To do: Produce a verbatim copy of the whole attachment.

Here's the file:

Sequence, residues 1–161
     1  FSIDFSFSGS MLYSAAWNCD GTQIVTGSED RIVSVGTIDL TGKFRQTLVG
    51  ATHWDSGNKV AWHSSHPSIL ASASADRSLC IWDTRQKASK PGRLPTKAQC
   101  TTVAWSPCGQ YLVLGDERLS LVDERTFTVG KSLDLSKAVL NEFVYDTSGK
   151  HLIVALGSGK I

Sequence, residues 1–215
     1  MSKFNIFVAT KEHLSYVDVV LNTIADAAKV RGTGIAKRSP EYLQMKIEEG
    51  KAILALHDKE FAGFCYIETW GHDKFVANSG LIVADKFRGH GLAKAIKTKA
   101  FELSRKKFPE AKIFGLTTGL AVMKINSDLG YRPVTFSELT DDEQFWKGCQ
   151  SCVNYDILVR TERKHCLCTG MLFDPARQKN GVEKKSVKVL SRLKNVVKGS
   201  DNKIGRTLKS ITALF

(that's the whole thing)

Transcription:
Sequence, residues 1–161
     1  FSIDFSFSGS MLYSAAWNCD GTQIVTGSED RIVSVGTIDL TGKFRQTLVG
    51  ATHWDSGNKV AWHSSHPSIL ASASADRSLC IWDTRQKASK PGRLPTKAQC
   101  TTVAWSPCGQ YLVLGDERLS LVDERTFTVG KSLDLSKAVL NEFVYDTSGK
   151  HLIVALGSGK I

Sequence, residues 1–215
     1  MSKFNIFVAT KEHLSYVDVV LNTIADAAKV RGTGIAKRSP EYLQMKIEEG
    51  KAILALHDKE FAGFCYIETW GHDKFVANSG LIVADKFRGH GLAKAIKTKA
   101  FELSRKKFPE AKIFGLTTGL AVMKINSDLG YRPVTFSELT DDEQFWKGCQ
   151  SCVNYDILVR TERKHCLCTG MLFDPARQKN GVEKKSVKVL SRLKNVVKGS
   201  DNKIGRTLKS ITALF